June 9, 2011
For insights into the challenges faced by the Delaware Chancery Court and how soon to be Chancellor Strine will approach them, you should read One Fundamental Corporate Governance QuestionWe Face: Can Corporations Be Managed for theLong Term Unless Their Powerful ElectoratesAlso Act and Think Long Term?. This paper appear in the November 2010 Business Lawyer. It's reasonably short, but all the footnotes make it look longer. It's definitely worth reading if you haven't already.
He asks a lot of tough questions and isn't shy about making his opinions known. Sometimes, the problem isn't the law. It's us. For example:
Although the focus of the institutional investor community over the last twenty five years on issues like takeover defense and encouraging executive compensationtied to stock price performance is understandable, what is less edifying is the absence of any similar weight given to issues that many end-user investors care more about, such as whether corporations are endangering their solvency by excessively leveraging themselves or skirting the law through financial gimmicks to improve the optics of the company’s balance sheet.
Even after the market debacle involving WorldCom and Enron, the institutional investor community remained preoccupied with issues like takeovers and executive compensation. And before the more recent market crash, important segments of the institutional investor community were demanding to know why more public companies could not operate with the high degree of leverage employed by those owned by private equity firms.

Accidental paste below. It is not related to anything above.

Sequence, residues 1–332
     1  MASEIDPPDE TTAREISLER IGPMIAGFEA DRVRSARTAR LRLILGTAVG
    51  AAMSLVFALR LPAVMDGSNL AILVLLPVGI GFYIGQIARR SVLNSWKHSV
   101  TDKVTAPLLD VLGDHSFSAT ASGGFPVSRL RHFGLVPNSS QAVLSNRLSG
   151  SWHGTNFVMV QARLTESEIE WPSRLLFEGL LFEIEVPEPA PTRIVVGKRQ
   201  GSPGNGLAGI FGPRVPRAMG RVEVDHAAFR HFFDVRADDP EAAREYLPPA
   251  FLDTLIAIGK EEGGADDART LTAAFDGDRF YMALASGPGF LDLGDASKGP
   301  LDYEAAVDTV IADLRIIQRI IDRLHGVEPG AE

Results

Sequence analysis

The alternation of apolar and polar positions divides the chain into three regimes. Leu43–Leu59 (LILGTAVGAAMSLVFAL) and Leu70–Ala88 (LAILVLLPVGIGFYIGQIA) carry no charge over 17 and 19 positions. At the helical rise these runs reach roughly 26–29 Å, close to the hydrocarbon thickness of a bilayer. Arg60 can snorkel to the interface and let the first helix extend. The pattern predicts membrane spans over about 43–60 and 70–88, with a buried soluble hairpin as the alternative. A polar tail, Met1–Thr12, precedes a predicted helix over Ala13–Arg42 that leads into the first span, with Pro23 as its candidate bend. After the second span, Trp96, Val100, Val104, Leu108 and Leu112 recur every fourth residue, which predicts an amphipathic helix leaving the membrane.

The potency of the institutional investor community is easy to see. When they want something, they tend to get it. Institutional investors demanded and largely got changes to CEO compensation so that it was primarily based on components—such as options—that were tied to raising the corporation’s stockprice. Institutional investors wanted a reduction in takeover defenses and have been highly successful in achieving that objective. In the wake of Delaware’s passage of a so-called majority voting statute in 2006, over 70 percent of the largest public companies have adopted that approach in response to stockholder demands. In response to investor sentiment, corporations levered up, took more risks, and engaged in huge stock buyback programs.
It's going to interesting.
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